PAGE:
Little Butte Creek
Little Butte Creek is a 17-mile-long tributary of the Rogue River in the U.S. state of Oregon. Its two forks, the North Fork and the South Fork, both begin high in the Cascade Range near Mount McLoughlin and Brown Mountain. It is one of the best salmon-producing tributaries of theRogue River.
About Little Butte Creek in brief
Little Butte Creek is a 17-mile-long tributary of the Rogue River in the U.S. state of Oregon. Its two forks, the North Fork and the South Fork, both begin high in the Cascade Range near Mount McLoughlin and Brown Mountain. Despite being moderately polluted, the creek is one of the best salmon-producing tributaries of theRogue River. Coho and Chinook salmon migrate upstream each year; however, several dams hinder their progress. The city of Eagle Point was incorporated in 1911, and remains the only incorporated town within the watershed’s boundaries. Large amounts of water are diverted from Little Butte creek for irrigation, water storage, and power generation. The creek’s mouth is at 1,204 feet above sea level, giving the creek an overall gradient of approximately 25 feet per mile. It flows generally west over approximately 17 miles to its confluence with the Rogue river. It then flows into the Pacific Ocean at its mouth at Agate River 132 miles from its mouth. The north fork begins at Fish Lake, near Mount McLoughlin. The south fork then turns northwest, collecting water from Lost Creek on the left, near the Lost Creek Bridge, built in 1919. Lost Creek drains about 17 square miles. Just after the two forks merge about 15 miles northeast of Medford, Little Bute Creek receives Lake Creek on left bank, flowing through the community of the same name at river mile 17 or river kilometer 27. The main stem is crossed by South Fork Little Buttte Creek Road in Lake Creek.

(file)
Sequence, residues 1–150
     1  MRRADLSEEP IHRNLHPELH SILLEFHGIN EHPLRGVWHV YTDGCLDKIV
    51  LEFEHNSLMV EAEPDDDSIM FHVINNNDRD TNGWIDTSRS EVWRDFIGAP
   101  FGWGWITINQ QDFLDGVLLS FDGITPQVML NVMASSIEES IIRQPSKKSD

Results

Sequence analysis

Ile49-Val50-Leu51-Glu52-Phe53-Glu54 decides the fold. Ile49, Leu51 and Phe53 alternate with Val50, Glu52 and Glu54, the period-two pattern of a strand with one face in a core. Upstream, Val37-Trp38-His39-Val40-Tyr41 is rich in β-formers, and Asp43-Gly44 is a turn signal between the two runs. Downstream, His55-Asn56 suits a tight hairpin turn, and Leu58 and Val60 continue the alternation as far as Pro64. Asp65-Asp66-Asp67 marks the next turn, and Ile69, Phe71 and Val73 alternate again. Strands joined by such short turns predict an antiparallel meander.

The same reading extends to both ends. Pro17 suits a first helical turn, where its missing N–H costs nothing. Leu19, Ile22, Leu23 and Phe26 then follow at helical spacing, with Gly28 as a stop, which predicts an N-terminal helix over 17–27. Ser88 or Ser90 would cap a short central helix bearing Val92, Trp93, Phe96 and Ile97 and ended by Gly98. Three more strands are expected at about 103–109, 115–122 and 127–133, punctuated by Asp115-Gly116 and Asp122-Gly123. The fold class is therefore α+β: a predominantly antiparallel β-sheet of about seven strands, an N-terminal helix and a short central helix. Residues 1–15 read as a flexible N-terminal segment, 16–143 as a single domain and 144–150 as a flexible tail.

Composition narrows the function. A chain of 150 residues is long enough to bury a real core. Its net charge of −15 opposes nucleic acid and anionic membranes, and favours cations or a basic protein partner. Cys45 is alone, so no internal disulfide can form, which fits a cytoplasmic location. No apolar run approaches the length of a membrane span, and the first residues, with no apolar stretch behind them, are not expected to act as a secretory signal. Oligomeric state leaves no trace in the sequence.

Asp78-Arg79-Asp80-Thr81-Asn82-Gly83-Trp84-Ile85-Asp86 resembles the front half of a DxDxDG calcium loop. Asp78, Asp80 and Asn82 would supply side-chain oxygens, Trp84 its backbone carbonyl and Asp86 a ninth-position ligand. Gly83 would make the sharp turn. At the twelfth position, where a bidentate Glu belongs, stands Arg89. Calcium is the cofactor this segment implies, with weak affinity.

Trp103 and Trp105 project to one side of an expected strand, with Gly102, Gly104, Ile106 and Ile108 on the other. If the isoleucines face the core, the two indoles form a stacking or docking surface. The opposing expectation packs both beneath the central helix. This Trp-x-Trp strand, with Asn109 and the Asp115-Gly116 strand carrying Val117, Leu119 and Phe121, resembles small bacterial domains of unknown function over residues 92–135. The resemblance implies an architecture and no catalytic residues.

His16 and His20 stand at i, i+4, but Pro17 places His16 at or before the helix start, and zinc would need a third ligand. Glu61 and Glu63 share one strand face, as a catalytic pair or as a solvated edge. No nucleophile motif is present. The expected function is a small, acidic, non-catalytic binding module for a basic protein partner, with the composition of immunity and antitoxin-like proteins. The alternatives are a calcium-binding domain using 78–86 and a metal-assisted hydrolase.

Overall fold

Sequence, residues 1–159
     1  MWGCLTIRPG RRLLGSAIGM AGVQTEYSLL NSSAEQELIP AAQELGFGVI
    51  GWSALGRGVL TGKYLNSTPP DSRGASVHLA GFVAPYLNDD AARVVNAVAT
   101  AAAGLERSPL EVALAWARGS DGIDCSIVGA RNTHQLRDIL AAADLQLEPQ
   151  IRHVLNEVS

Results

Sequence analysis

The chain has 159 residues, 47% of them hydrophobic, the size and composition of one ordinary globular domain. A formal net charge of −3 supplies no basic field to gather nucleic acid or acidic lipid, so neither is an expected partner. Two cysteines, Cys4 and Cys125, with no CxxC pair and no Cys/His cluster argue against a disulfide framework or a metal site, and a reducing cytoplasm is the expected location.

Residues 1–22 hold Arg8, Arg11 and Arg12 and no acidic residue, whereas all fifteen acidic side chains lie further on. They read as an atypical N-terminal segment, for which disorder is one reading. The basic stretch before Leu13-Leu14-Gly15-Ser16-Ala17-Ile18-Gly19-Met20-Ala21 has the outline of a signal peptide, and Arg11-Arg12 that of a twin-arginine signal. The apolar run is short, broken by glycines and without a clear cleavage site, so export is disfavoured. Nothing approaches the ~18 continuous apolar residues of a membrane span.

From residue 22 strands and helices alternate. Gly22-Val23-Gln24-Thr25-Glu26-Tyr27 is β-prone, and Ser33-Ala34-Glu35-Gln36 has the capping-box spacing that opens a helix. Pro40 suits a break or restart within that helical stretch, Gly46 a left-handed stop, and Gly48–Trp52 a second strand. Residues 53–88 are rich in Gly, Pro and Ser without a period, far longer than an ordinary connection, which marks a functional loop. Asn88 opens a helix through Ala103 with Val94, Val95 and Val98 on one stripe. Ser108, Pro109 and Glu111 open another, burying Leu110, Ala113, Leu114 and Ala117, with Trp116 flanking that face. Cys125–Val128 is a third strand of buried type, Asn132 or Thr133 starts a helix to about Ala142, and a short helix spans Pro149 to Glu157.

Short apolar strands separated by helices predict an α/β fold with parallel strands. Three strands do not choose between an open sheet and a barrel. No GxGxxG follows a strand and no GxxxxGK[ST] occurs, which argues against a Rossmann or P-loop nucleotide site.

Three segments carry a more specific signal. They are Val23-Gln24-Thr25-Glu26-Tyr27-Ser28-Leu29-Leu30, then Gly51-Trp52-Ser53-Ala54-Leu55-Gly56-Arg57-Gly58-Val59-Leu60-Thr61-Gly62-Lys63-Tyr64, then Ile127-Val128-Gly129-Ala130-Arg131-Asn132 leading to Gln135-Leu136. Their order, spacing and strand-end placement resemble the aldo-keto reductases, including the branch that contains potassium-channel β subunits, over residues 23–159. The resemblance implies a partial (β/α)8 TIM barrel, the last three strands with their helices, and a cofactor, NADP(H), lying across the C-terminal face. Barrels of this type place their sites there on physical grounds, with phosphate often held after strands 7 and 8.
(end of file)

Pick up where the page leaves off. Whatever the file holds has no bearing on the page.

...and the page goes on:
It turns through Eagle Point, which turns through the creek at 10 miles southwest, flowing toward the Pacific. Antelope Creek is its largest tributARY draining 58 square miles, draining into Agate Lake on Dry Creek. The North Fork’s headwaters are at 5,713 feet, while the North fork’s headwater is considerably lower at 4,638 feet. They meet each other at 1,.647 feet, creating the main stem itself. It is the only creek in the Denman Wildlife Area that has a 1.3-mile artificially straightened section of the creek. At the mouth of the river, it is approximately 5 miles from the mouth to its mouth in the wildlife area’s Denman wildlife area. The South Fork is at the mouth of the River River at the River kilometer 1, 1.5 miles from Agate Road. It drains approximately 28 square miles, and Dead Indian Creek has a watershed of about 22 square miles. The Dead Indian Soda Springs are on Dead Indian creek, about a mile south of its confluent with the south fork. The Pacific Crest Trail passes through this area, and it flows west, receiving Beaver Dam Creek and DeadIndian Creek on its left bank. It also receives Salt Creek and Lick creek on the right bank, which have watersheds of 16 square miles and 16 miles, respectively. The water is diverted here into the Joint System Canal for storage in Agate lake and to provide irrigation for the Medford region.